Ahh, social contact. I can almost remember what it feels like.
While we’re all hunkering down and keeping our distance from each other, researchers are investigating how our brains perceive and react to touch as a form of social interaction. The results show a surprising “synchronizing” of cerebral activity in the brains of couples engaged in physical contact.
The good touch
“This is an excellent start for the study of natural interaction. People don’t just react to external stimuli, but adjust their actions moment-by-moment based on what they expect to happen next,” says Riitta Hari, professor emeritus at Aalto University and co-author of the study.
The study was carried out by a team of researchers from the Aalto University and the Turku PET Centre (both in Finland), who have developed a method that allows them to simultaneously record the brain activity of two people. They used their method to scan the brains of 10 couples who were asked to spend 45 minutes inside an fMRI (functional magnetic resonance imaging) scanner while in physical contact with each other. Sounds quite pleasant as far as research goes, doesn’t it?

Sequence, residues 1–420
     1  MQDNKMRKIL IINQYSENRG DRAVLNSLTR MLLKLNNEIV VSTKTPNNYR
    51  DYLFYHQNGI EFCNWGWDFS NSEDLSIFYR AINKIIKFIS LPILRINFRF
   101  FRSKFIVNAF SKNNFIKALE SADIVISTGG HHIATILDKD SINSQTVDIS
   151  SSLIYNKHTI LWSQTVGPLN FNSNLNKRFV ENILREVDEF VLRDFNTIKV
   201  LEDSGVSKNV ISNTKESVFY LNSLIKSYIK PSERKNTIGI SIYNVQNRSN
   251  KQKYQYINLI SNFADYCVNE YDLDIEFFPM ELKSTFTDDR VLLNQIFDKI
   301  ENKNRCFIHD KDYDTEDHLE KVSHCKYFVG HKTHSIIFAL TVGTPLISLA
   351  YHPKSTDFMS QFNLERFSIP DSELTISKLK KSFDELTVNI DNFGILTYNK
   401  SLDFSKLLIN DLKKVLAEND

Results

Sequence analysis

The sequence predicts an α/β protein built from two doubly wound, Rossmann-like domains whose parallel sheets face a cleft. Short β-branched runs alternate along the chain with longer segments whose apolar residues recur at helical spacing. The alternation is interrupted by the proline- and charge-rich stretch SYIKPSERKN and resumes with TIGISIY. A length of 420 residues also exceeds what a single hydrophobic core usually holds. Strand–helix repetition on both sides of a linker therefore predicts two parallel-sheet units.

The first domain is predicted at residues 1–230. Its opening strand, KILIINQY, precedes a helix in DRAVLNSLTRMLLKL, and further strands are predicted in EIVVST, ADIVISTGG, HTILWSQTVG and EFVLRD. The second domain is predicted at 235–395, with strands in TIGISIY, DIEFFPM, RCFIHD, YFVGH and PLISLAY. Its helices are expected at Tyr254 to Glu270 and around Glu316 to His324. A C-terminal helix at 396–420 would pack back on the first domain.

MRI can ordinarily be used to scan just one subject at a time, but the team tweaked the head coil used in the process and divided it into two separate coils. As long as both participants fit inside the scanner (and can stay close enough to each other), this approach allows for both to be monitored at the same.
During the study, the participants were placed face-to-face inside the scanner so close they were “almost hugging each other”, the authors explain. They were instructed to wait for a signal from the researchers, at which point the participants took turns in tapping each other’s lips. Their motor and sensory brain areas were analyzed during this time.
“During social interaction, people’s brains are literally synchronised,” says Professor Lauri Nummenmaa from Turku PET Centre, corresponding author of the study.
“The associated mental imitation of other people’s movements is probably one of the basic mechanisms of social interaction. The new technology now developed will provide totally new opportunities for studying the brain mechanisms of social interaction.”
The team reports that voice cues during the experiment resulted in similar levels of activation in the auditory cortex of both participants, while the touching task itself “resulted in differential activation patterns in the somatosensory and motor cortices depending on whether the subject was tapping or receiving taps”.
The team further adds that “during a conversation or problem solving, people’s brain functions become flexibly linked with each other” but that we do not yet understand how this process arises if we can’t monitor the neural activity of the people involved at the same time — which their research now allows.
The paper “Imaging Real-Time Tactile Interaction With Two-Person Dual-Coil fMRI” has been published in the journal Frontiers in Psychiatry.